Secondly, he hoped to gain Christ. If we have Christ, then we have everything: God, the Kingdom, everlasting life, etc. If we have Christ then nothing is impossible for us and no trial, temptation, or difficulty in life is beyond His ability to cause us to overcome. Paul boldly stated, "I can do all things through Him who strengthens me." (Philippians 4:13)

Thirdly, that he would find a righteousness that was not his own; a righteousness that did not depend upon his own works, will, and strength to produce. In Christ, we find a righteousness that is by faith and not by law or works. We are righteous not because we work, but because we believe. Remember what was said about Abraham who was the father of faith, "Then he believed in the Lord; and He reckoned it to him as righteousness." (Genesis 15:6)

Fourthly, that he might know the power of the resurrection in his life. What can be more powerful than that power that raised Jesus from the dead! If we have resurrection power within us, then what can defeat us? No sickness, hardship, deficiency, or sin is stronger than resurrection power. If we live in resurrection power then there is no need to fear our present, our past, or our future for all is swallowed up in resurrection.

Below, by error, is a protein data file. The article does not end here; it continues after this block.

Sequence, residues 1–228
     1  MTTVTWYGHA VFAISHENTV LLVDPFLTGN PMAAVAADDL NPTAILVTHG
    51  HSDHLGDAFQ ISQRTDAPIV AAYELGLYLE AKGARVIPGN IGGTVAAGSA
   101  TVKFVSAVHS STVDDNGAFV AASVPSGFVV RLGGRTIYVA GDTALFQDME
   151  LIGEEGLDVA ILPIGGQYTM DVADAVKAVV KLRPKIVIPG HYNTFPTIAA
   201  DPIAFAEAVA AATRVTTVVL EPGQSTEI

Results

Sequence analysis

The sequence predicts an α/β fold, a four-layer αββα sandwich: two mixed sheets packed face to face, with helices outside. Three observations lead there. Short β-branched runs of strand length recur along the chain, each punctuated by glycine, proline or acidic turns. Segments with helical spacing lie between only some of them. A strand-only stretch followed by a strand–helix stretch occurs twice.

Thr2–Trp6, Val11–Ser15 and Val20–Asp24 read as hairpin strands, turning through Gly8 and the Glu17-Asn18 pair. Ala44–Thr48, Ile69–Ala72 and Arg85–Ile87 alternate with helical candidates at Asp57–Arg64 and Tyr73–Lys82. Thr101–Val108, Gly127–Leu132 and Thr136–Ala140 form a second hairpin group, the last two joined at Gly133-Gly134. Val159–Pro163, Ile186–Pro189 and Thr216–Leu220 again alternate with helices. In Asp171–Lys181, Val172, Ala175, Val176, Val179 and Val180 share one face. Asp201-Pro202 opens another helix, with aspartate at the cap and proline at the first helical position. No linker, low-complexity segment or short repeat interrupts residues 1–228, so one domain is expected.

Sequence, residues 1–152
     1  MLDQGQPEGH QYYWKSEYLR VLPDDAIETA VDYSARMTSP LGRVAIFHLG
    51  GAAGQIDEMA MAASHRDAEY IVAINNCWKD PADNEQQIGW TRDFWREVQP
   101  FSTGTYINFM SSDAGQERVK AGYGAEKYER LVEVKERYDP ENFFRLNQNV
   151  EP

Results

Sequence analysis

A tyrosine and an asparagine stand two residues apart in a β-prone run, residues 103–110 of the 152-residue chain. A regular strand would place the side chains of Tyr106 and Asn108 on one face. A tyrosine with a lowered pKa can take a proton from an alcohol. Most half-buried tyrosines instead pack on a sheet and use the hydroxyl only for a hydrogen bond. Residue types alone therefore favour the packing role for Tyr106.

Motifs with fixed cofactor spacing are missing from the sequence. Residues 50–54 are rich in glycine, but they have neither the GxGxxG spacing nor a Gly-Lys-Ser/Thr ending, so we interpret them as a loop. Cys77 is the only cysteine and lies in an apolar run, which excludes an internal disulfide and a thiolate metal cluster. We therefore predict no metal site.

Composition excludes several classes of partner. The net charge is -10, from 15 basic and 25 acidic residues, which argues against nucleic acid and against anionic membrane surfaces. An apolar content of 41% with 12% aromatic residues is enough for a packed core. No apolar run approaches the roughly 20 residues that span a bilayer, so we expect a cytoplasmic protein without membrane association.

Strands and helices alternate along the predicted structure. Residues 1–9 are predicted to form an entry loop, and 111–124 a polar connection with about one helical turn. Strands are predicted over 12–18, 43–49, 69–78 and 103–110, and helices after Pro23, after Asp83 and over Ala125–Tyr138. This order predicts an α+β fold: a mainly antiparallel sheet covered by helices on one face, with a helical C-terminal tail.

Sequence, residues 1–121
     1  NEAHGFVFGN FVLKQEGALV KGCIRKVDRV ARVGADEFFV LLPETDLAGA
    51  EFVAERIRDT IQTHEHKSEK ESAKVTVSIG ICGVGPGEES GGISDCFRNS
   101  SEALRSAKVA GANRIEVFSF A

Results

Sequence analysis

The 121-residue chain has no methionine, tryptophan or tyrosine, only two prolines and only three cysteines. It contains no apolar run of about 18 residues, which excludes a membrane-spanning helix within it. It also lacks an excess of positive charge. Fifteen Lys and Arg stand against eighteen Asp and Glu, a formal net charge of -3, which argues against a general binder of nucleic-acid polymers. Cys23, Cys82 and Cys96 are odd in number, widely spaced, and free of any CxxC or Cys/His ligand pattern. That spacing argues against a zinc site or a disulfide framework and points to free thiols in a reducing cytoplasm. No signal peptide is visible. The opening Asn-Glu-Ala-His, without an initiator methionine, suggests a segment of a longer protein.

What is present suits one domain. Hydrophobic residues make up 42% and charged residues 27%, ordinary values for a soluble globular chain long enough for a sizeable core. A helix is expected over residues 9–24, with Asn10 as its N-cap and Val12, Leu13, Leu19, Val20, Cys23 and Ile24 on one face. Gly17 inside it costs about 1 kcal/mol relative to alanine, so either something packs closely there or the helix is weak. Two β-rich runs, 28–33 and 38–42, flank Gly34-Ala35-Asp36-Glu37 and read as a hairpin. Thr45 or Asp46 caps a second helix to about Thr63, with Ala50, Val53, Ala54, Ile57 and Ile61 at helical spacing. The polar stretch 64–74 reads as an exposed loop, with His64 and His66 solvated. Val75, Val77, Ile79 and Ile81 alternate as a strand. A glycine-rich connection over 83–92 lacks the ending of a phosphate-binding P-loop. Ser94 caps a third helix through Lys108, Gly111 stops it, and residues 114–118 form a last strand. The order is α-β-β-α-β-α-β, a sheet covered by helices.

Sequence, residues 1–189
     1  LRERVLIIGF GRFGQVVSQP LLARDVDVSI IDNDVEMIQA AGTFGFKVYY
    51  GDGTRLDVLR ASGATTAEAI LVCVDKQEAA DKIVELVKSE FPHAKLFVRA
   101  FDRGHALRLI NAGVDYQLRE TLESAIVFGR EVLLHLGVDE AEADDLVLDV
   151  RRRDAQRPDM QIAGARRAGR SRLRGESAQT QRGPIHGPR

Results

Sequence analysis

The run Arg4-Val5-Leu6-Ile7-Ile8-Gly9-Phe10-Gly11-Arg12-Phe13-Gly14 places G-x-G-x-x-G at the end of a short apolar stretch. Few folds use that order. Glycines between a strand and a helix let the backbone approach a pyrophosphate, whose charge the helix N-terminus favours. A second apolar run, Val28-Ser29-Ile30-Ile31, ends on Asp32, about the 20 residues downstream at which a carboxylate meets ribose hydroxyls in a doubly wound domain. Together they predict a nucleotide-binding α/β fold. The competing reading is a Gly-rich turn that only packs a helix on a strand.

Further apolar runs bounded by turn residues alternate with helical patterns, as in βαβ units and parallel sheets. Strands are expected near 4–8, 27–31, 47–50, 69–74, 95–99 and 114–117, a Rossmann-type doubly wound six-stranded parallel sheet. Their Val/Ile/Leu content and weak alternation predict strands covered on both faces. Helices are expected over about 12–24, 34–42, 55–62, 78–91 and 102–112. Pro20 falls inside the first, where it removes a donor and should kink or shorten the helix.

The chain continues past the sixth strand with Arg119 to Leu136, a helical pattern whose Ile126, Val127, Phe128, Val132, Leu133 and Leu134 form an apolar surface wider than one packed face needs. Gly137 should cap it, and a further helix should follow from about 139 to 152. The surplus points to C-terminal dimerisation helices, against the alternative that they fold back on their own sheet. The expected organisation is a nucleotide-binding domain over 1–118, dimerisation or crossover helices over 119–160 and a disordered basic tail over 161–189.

Fifthly, the fellowship of His suffering. While we might not think of this as a benefit, it unites us and draws us into fellowship with Him. In Christ, when we suffer, we do not suffer alone but in our suffering, God is near us in a real and vital way. In our suffering, we experience His comfort, love, and sustaining power that enables us to endure under it. Paul, speaking of suffering and weakness, said, "Therefore I am well content with weaknesses, with insults, with distresses, with persecutions, with difficulties, for Christ's sake; for when I am weak, then I am strong." (2 Corinthians 12:10)

Sixthly, Paul hoped to be conformed to Christ death. It is only when we are conformed to Christ's death that we can be raised to newness of life. Jesus came that we might "have life, and have it abundantly." (John 10:10) However, this life is only possible when we have come to be conformed to His death. Speaking of baptism, Paul writes, "Therefore we have been buried with Him through baptism into death, so that as Christ was raised from the dead through the glory of the Father, so we too might walk in newness of life." (Romans 6:4)